Jerrie Gray worked at a Tyson Foods plant where she
was exposed to comments, gestures, and physical
contact that, she alleged, constituted sexual harassment.
Tyson disputed the allegation, arguing that the
behavior was not unwelcome, that the complainedabout
conduct was not based on sex, that the conduct
did not affect a term, condition, or privilege of employment,
and that proper remedial action was taken
in response to any complaint by Gray of sexual
harassment. During the trial in federal court, a witness
for Gray repeatedly volunteered inadmissible testimony
that the judge had to tell the jury to disregard.
At one point, upon an objection from the defendant’s
counsel, the witness asked, “May I say something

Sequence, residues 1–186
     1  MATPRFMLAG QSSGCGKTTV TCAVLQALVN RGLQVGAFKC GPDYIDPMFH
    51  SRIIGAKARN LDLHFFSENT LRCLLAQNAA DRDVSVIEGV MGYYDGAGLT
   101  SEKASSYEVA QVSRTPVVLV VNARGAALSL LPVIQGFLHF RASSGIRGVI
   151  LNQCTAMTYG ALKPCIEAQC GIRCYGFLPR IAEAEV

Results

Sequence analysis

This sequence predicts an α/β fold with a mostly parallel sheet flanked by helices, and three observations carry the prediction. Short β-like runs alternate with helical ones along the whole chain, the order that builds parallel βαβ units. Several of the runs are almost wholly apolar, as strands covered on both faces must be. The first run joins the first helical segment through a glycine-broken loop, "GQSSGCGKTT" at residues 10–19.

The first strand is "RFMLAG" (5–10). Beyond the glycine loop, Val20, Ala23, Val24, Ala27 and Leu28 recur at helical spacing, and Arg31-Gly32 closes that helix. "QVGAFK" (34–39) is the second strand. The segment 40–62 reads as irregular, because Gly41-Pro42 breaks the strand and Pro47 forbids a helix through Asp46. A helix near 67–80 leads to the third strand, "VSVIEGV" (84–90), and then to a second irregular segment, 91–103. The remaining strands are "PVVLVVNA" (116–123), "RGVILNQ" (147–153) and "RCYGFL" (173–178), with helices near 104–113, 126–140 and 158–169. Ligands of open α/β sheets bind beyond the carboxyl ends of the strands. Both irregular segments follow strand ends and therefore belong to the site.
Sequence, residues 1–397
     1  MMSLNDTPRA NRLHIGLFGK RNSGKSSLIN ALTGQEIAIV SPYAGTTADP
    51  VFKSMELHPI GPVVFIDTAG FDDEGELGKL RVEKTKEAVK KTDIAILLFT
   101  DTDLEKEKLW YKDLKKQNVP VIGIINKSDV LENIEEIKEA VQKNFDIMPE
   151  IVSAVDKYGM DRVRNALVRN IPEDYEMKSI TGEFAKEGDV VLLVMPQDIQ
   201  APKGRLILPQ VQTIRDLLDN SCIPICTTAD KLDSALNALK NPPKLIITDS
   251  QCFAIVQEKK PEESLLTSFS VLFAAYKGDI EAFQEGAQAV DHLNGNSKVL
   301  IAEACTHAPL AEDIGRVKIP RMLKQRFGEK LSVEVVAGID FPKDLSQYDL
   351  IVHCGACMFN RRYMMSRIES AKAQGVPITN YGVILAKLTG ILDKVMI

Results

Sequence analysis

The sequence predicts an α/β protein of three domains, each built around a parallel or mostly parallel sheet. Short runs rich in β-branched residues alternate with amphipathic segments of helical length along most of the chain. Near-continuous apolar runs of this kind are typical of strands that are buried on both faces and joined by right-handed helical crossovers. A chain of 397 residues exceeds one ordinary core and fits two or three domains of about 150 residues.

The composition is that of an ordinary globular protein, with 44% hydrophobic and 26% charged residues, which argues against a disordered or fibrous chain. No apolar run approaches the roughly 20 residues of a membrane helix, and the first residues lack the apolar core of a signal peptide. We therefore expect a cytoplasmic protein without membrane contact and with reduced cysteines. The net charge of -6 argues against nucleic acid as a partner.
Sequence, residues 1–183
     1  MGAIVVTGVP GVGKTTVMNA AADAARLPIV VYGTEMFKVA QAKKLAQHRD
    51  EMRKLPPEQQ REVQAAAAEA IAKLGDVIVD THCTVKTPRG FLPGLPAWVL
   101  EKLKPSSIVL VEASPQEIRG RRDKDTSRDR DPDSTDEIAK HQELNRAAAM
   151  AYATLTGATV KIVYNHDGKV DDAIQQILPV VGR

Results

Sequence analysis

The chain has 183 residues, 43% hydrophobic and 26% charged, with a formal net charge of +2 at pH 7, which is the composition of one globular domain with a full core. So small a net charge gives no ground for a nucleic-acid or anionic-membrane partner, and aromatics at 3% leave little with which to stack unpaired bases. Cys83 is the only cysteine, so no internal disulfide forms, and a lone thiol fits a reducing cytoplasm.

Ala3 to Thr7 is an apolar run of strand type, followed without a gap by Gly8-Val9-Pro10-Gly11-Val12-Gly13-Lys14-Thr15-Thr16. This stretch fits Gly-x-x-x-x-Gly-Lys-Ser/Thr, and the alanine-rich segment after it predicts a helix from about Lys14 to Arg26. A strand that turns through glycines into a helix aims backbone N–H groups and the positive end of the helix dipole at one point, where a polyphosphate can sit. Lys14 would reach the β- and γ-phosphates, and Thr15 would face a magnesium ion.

here?” The judge told her she could not. Finally, after
the jury left the courtroom, the witness had an angry
outburst that continued into the hallway, in view of
some of the jurors.
The jury awarded Gray $185,000 in compensatory
and $800,000 in punitive damages. Tyson believed
that it should not have been liable, that the awards
of damages were excessive and unsupported by evidence,
and that the inadmissible evidence and improper
conduct had tainted the proceedings. What courses
of action may Tyson pursue?
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